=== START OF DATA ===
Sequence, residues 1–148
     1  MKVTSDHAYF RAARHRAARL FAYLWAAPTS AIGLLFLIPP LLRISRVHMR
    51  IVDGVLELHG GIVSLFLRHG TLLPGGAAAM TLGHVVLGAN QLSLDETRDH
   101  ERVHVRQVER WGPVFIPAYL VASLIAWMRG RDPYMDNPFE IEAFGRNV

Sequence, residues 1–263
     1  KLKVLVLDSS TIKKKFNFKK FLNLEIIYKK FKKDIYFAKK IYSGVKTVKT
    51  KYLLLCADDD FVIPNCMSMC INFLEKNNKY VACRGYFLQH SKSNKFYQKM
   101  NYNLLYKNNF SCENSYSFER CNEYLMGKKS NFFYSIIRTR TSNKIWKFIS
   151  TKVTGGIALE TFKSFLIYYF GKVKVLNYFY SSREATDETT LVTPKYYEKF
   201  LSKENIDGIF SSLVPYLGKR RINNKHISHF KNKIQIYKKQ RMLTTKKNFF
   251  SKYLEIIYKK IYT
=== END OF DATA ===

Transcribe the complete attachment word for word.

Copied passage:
Sequence, residues 1–148
     1  MKVTSDHAYF RAARHRAARL FAYLWAAPTS AIGLLFLIPP LLRISRVHMR
    51  IVDGVLELHG GIVSLFLRHG TLLPGGAAAM TLGHVVLGAN QLSLDETRDH
   101  ERVHVRQVER WGPVFIPAYL VASLIAWMRG RDPYMDNPFE IEAFGRNV

Sequence, residues 1–263
     1  KLKVLVLDSS TIKKKFNFKK FLNLEIIYKK FKKDIYFAKK IYSGVKTVKT
    51  KYLLLCADDD FVIPNCMSMC INFLEKNNKY VACRGYFLQH SKSNKFYQKM
   101  NYNLLYKNNF SCENSYSFER CNEYLMGKKS NFFYSIIRTR TSNKIWKFIS
   151  TKVTGGIALE TFKSFLIYYF GKVKVLNYFY SSREATDETT LVTPKYYEKF
   201  LSKENIDGIF SSLVPYLGKR RINNKHISHF KNKIQIYKKQ RMLTTKKNFF
   251  SKYLEIIYKK IYT